Seborrheic dermatitis in infants is a harmless skin condition that can occur between the ages of 3 weeks and 12 months. It appears as patches of yellowish, greasy crusts on the baby's scalp, and is sometimes accompanied by redness on other parts of the body such as:
- In the creases of the neck
- In the armpits
- Behind the ears
- On the face
- In the diaper area
The condition may also cause mild itching. Overall however, the child is usually well, with no loss of appetite or sleep disruption.
Causes and triggers
The exact cause of seborrheic dermatitis in infants is unknown, but may involve a reaction to a yeast naturally present on the skin's surface. Another contributing factor may involve hormones that are passed from the mother to the baby before birth.
Seborrheic dermatitis in infants usually resolves on its own within a few weeks or months, and symptoms may come and go. The following measures may help control symptoms:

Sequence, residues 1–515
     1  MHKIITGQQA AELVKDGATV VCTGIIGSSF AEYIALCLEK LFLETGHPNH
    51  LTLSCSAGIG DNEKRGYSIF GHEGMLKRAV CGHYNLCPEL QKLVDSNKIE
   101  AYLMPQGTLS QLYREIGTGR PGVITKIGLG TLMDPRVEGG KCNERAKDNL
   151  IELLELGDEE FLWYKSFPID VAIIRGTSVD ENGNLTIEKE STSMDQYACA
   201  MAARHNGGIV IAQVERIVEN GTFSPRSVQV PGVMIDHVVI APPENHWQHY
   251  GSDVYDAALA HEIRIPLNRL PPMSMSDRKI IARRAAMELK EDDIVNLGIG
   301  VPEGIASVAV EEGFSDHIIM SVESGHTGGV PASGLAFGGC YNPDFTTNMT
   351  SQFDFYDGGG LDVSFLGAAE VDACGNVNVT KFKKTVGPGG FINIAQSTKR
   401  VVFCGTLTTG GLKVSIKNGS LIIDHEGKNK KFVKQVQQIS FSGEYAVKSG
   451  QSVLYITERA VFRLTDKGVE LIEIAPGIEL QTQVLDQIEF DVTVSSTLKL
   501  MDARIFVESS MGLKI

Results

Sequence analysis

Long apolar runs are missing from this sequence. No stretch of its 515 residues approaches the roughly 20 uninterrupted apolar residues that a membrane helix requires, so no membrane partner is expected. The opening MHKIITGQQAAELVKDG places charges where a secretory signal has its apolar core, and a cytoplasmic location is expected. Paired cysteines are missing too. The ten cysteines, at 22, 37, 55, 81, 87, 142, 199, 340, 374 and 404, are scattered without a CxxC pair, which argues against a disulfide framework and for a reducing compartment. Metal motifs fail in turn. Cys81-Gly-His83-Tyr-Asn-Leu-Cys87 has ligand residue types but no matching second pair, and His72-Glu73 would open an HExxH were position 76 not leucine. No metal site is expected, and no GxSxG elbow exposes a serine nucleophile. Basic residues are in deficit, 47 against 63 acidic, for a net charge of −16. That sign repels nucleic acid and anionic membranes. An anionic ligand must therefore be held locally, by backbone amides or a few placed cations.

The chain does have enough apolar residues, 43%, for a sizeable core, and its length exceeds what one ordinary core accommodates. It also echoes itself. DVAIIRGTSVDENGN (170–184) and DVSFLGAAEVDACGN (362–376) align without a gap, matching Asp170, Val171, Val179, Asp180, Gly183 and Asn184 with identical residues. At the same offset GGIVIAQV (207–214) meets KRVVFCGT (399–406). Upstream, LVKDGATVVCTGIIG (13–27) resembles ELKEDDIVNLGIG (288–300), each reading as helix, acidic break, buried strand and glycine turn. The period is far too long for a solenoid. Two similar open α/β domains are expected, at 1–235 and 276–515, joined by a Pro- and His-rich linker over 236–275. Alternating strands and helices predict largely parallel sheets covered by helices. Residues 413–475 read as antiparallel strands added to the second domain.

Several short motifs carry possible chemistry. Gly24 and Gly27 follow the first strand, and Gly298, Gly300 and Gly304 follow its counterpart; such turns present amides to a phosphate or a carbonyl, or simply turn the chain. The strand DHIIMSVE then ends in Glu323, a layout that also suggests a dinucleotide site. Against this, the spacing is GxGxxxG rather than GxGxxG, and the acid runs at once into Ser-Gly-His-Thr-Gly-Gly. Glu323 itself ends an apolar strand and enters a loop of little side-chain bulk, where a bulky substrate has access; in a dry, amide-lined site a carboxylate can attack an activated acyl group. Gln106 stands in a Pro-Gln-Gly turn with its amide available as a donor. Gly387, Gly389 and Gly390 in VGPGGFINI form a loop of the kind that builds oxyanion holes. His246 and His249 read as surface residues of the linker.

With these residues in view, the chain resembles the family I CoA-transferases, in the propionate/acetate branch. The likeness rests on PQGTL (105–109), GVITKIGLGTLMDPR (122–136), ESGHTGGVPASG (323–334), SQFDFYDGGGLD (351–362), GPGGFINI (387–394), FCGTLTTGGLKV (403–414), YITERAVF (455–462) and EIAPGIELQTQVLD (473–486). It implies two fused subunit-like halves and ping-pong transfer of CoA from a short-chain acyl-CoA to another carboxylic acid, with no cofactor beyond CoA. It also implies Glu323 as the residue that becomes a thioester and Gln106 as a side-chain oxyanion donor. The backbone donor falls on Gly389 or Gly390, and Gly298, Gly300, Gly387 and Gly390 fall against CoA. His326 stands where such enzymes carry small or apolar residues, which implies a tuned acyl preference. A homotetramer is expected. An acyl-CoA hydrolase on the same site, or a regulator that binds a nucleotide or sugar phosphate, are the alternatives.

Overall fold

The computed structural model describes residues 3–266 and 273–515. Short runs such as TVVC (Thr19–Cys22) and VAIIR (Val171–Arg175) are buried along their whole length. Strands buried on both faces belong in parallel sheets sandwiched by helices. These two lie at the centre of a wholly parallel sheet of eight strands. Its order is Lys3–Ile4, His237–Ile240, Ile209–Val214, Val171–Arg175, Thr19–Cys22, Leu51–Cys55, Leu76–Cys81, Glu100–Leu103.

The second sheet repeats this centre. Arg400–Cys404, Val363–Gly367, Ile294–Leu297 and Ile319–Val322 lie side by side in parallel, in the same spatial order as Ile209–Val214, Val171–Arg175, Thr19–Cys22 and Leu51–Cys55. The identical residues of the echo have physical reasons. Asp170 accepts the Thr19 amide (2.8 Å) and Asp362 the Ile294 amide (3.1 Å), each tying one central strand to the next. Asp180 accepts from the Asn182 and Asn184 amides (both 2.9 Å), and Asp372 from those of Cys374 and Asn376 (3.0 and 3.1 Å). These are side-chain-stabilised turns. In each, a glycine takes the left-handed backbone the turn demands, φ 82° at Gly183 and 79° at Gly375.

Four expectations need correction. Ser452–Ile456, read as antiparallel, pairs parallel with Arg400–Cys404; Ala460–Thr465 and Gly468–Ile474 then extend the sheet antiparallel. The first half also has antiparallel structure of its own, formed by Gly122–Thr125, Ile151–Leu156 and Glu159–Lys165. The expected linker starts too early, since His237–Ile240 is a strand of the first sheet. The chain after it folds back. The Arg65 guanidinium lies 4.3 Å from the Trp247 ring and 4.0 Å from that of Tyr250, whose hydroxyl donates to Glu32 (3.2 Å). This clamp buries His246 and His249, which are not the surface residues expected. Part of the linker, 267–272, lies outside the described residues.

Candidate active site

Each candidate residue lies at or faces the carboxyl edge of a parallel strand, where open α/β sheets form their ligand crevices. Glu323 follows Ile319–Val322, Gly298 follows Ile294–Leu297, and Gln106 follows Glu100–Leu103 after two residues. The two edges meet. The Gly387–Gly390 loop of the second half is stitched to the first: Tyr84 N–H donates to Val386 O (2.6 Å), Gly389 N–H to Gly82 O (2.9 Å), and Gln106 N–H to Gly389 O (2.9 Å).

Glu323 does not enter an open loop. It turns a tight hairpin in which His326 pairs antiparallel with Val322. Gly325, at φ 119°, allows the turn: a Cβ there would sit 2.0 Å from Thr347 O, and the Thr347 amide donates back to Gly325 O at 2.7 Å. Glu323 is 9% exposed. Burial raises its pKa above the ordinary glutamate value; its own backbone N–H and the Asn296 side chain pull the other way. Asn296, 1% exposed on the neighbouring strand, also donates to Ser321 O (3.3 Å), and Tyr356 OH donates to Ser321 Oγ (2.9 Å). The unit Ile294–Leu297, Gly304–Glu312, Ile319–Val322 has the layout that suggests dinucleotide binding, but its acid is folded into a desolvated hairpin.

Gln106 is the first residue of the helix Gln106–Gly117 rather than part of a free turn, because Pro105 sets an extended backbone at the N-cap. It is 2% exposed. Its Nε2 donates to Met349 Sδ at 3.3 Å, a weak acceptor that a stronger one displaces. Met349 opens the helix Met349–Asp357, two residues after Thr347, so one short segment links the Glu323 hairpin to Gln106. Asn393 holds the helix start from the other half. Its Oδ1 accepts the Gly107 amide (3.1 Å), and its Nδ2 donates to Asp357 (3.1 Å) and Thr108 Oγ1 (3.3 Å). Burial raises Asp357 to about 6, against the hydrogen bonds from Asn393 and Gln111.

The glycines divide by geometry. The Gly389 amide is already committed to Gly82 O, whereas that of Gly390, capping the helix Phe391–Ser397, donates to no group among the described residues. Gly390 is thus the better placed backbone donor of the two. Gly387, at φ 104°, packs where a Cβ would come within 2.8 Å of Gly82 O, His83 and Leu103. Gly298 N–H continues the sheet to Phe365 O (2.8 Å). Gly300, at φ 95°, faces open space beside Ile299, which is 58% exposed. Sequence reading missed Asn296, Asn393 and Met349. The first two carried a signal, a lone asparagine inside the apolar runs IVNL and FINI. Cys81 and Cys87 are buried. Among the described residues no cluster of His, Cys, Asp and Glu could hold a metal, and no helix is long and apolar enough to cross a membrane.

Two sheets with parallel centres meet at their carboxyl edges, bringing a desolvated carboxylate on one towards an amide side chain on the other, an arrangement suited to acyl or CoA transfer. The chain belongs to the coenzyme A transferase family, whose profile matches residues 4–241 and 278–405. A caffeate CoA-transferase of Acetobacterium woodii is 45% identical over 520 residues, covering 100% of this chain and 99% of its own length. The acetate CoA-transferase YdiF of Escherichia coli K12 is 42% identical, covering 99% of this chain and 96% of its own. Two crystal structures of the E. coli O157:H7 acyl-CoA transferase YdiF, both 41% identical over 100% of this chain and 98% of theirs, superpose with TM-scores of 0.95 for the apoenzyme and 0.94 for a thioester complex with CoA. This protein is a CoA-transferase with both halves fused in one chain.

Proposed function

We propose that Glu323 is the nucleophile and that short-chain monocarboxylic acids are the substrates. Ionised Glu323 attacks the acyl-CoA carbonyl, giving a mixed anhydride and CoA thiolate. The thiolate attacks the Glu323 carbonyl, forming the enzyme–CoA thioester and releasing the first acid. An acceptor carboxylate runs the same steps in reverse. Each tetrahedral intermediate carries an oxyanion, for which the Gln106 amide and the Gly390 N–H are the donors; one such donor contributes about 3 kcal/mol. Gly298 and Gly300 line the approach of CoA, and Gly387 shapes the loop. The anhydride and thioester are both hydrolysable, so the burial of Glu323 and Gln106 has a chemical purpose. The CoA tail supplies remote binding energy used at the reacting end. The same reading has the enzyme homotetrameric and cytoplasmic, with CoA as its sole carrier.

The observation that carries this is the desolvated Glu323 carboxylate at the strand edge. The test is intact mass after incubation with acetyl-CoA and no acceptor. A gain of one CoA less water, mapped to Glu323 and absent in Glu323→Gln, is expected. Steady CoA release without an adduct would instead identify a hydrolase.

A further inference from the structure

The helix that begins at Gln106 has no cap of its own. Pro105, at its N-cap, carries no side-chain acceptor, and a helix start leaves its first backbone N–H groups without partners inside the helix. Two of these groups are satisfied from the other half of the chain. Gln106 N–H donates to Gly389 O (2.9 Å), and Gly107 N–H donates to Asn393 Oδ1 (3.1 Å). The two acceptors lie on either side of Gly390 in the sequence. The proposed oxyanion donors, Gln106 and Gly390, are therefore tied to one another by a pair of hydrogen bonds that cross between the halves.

- Apply a small amount of oil (vegetable oil, mineral oil, baby oil) on the head to soften the crusty patches then use a soft bristle brush or a fine-tooth comb to lift the scaly skin.
- Shampoo hair after brushing to remove excess oil.
- Wash hair frequently with gentle baby shampoo (non medicated), then use a soft bristle brush or fine-tooth comb to lift the scaly skin.
- When needed, apply ointment or a moisturizing cream (e.g., Glaxal Base) 2 to 3 times a day to skin that is dry, scaly and thick.
Your healthcare provider may also recommend the application of a mild hydrocortisone cream (0.5%) or an antifungal on the affected area.
When should I see a medical professional?
- If using a hydrocortisone cream and symptoms persist for more than one week, or if symptoms persist for more than two weeks after starting an antifungal treatment.
- If symptoms persist beyond the age of 12 months.
For more information:
Canadian Paediatric Society